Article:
The mayor then spent the better part of his 15 minute address on gun control, celebrating the occasion by attacking the NRA and highlighting recent gun violence.
“Too many members of Congress did not have the courage to stand up for the increasingly extremist views of the NRA’s Washington lobbyist,” he said. “Many of them feel that voting for common sense policy would lead to someone challenging them in a primary or hurt their chances to win their party’s nomination to higher office.”
Bloomberg told the graduates that since they were freshmen four years ago, more than 40,000 American people have been murdered with guns. He referenced a shooting last year by a 17-year-old who opened fire at an Ohio high school, killing three and injuring others.
“It was national news — for a day or two. Then came mass shootings in Pittsburgh, Miami, Oakland, Tulsa, Seattle, Wilmington, Aurora, Milwaukee, Texas A&M, Minneapolis, Brookfield, Portland, and after each one, those in Washington just shrugged,” he said.
“Then Sandy Hook Elementary School in Newtown, Connecticut -- 20 children, six faculty members, all gunned down,” Bloomberg continued. “As a parent I can tell you it is just unthinkable if it happened to one of your children. After Newtown, President Obama and some congressional leaders finally, finally stood up and said something has to be done.”
Bloomberg, co-chair of Mayors Against Illegal Guns, said Congress's failure to pass the gun control bill was "Washington at its worst -- the worst thing that it's ever done."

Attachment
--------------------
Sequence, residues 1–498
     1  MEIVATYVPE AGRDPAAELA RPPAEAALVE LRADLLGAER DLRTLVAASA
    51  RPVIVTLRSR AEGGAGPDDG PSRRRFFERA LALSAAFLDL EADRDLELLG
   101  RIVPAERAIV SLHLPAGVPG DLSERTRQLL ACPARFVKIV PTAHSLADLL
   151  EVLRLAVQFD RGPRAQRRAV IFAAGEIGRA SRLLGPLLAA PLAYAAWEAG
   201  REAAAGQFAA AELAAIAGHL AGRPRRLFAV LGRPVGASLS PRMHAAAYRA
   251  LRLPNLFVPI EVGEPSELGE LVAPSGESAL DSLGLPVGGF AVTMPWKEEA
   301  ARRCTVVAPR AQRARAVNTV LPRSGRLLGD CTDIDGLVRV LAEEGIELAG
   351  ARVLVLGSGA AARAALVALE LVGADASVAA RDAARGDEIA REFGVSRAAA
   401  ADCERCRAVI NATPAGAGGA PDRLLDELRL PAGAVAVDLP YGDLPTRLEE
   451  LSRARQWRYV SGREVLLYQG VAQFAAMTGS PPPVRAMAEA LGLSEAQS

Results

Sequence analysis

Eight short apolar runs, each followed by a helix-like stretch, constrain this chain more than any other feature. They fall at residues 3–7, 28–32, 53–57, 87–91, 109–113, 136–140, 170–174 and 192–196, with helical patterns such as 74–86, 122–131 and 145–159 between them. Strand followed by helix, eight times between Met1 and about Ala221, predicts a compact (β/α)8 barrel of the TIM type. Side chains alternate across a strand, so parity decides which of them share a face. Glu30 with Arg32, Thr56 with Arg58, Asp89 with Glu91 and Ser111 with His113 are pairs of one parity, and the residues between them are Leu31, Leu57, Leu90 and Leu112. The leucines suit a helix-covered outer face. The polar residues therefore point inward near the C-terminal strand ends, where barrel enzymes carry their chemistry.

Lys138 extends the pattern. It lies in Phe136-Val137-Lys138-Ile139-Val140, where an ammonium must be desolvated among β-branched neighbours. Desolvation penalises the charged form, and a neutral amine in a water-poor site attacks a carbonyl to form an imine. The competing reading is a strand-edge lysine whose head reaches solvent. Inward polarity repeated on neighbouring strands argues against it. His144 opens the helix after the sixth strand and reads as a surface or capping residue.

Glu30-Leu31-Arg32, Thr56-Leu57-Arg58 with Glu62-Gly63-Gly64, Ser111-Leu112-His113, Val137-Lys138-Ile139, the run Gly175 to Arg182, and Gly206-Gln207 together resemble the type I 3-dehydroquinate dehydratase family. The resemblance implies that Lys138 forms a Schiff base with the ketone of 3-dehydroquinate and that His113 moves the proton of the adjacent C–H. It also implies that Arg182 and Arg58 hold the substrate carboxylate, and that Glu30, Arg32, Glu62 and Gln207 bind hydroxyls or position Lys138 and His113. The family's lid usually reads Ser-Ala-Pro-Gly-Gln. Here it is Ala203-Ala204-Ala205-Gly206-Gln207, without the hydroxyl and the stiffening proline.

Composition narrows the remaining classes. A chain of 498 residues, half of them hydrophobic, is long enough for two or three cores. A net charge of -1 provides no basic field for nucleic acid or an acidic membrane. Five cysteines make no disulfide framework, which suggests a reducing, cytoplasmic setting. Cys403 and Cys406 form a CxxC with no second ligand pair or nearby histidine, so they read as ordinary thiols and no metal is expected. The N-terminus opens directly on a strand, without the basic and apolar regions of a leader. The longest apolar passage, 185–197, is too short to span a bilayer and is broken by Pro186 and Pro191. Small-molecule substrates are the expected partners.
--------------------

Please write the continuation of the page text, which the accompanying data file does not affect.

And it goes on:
He justified politicizing the commencement address by reiterating that the theme was "courage."
“Why? Why do I tell you this?” Bloomberg asked. “Number one, this is one of the great tragedies happening in America and two, because I believe it comes down to one word, and that word is courage.”
The New York City mayor spent more than $14 million in support of legislation that would have required universal background checks for all gun-buyers, although the bill died in the Senate on April 17, but the mayor insists the battle isn't over.
“I believe we will win — sooner or later—because I believe in all of you,” he said.
One could have reasonably assumed that Bloomberg’s address would center around career advice for the class of 2013 due to the fact that he is after all a billionaire media mogul.
BREAKING: Senate Judiciary Committee Approves Gang of Eight Immigration Reform Bill | Daniel Doherty
Whoa: US Hasn't Detained Five Benghazi Terrorists Due to Trial-Related Evidentiary Concerns | Guy Benson
Baucus & Hatch Grill IRS Commissioners Who Don't Know Anything: "That's A Lie By Omission" | Greg Hengler